2016 is Coming to an End


As 2016 comes to a close, I find myself excited to see this turbulent year come to an end.

This year has not been all bad, as a matter of fact a lot of good things happened in 2016. My oldest child graduated from college and has a wonderful job as a first grade teacher. My second child found happiness at the University of Alabama (Roll Tide) and my twins are having a successful last year in junior high school. My husband and I have had some wonderful trip and are planning for a few more in 2017. All in all it has been a good year.

But I am ready to celebrate the end of 2016! My sister and I have learned a lot about elder care . . . more than we probably care to know! We have seen many of our friends move their parents out of houses and into retirement communities. We have answered their questions about how to find the right living community for aging parents and how to navigate the health care community. The questions seem never-ending and the information “out there” can be overwhelming.

So as I say good-bye to 2016, I think back on some of the most valuable pieces of information that I have uncovered this year.

First, your team is the most important part of caring for aging parents. I cannot imagine doing this journey without my sister. She is my partner and therapist! We have become excellent “texters”; our children would be proud! I think I can even blindly text “Calgon take me away” as I listen to my mom complain about a fill in sitter!

As a team, we are able to schedule 28 (yes – 28)  sitting jobs a week! We can use Shipt to deliver groceries at a moments notice. We can play “good daughter, bad daughter” with the nursing staff in the rehabilitation center. We can order food to settle down the staff and have it delivered in time to cover the day shift AND the night shift!

Your team is very important! Build your team wisely.

Second, we have learned to scour our community for services that will aid our parents and make our life easier. For example, I did not know that you could rent a transportation vehicle to carry a person in a wheelchair to your house on Christmas day! It was wonderful! They picked up my parents and delivered them safely to my door. However, these services are not without their flaws. We scheduled pick up at 3 pm on Christmas day to return my mom to the center where she is staying while she learns to get around with two bum legs! The ride did not arrive until 4:10 and at this point her oxygen tank had been empty for at least an hour and my nerves were SHOT! I owe a tip and an apology to the transportation company. I was such a wreck by the time the drop off was complete I never thought of tipping the gentleman . . . my dad taught me better than that! Always tip.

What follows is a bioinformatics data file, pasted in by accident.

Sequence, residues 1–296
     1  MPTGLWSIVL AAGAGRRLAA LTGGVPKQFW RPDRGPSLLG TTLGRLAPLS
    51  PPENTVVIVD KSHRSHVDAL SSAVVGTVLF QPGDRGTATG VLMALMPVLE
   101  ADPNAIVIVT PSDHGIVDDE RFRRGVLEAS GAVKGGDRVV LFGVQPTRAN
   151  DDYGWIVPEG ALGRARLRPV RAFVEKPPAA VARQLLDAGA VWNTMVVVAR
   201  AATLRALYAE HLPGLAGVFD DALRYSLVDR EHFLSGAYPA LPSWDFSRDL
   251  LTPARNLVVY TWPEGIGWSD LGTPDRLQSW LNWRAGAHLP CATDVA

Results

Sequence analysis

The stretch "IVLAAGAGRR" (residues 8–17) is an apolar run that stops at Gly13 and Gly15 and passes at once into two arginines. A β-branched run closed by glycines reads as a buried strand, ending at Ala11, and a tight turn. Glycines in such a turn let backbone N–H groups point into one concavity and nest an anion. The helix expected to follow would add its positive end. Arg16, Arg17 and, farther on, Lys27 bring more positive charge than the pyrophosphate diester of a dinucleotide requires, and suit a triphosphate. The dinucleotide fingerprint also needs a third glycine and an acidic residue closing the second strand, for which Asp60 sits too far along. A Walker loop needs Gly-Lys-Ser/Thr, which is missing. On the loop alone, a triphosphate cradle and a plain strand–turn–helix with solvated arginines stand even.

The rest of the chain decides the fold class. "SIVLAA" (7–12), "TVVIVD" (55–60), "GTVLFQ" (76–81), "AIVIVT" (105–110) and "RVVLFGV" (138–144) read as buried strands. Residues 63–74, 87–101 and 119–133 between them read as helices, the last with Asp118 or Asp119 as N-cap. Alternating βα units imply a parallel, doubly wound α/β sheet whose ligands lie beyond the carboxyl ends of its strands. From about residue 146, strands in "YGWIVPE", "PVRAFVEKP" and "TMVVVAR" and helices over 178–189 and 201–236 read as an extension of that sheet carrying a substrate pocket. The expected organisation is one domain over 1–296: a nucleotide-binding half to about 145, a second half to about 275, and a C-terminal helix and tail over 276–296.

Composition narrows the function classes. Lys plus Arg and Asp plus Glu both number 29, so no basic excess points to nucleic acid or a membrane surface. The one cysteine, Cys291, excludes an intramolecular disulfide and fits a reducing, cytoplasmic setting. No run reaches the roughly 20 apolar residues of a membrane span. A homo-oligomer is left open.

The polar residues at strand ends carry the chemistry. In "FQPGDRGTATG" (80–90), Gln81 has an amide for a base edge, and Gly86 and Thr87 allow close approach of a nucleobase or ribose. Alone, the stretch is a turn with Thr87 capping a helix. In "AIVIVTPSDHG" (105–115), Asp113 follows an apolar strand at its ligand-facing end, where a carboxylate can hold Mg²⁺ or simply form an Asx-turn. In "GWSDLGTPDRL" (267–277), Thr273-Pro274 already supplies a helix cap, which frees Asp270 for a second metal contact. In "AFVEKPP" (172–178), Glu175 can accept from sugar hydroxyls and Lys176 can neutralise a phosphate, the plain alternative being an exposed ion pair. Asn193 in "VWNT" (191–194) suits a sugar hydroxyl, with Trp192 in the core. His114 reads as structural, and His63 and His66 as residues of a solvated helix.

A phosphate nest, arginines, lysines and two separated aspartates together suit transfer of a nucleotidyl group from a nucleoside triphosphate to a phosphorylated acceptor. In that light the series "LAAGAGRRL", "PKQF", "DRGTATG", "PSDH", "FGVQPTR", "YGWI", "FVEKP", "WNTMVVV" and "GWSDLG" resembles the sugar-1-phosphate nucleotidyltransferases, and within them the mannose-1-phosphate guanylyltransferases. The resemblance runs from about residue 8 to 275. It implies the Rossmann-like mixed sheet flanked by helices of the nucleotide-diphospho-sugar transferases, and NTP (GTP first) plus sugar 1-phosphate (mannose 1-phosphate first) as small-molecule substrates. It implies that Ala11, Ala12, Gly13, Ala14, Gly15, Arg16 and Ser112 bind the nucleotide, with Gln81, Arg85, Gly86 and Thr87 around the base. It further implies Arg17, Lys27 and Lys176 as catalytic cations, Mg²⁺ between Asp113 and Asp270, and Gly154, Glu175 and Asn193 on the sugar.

In 2017, we will be looking to sell my parents’ car and purchase our own vehicle that will transport my mom in her wheelchair. I hope the vehicle comes with a lot of instructions. If you see us driving down the road, stay back, just in case a wheelchair rolls out the back door at a red light!

I need to thank all my friends that have told me how to seek out the best vehicle for my mom. I had no idea there were so many options and I am thankful for those that traveled this road before me.

I have learned that you cannot rely solely on other people’s experience with rehab. You have to visit many facilities and pick the one that you feel best about. Trust your gut. We did and so far so good.

The saving grace in 2016 is Encore and the wonderful friends I have made through the support group for people caring for loved ones with dementia. My dad calls Encore “school” and so that is how we refer to it as well. School is the best gift we have been given in 2016. Dad goes to school twice a week. It is a welcome break for us and the caregivers and best of all, it is often the bright spot in Dad’s day. We love school and we cannot wait for it to start back next week!

I love my many new friends from the support group at Canterbury. We are all on this dementia journey together. When I talk to one of these friends, I know that they can relate to my situation. I know that when I run into Sally at Smith’s in the village that she too is glad that Thanksgiving is over! I know that she also measures a successful day in the same way that I measure a successful day with a parent with dementia.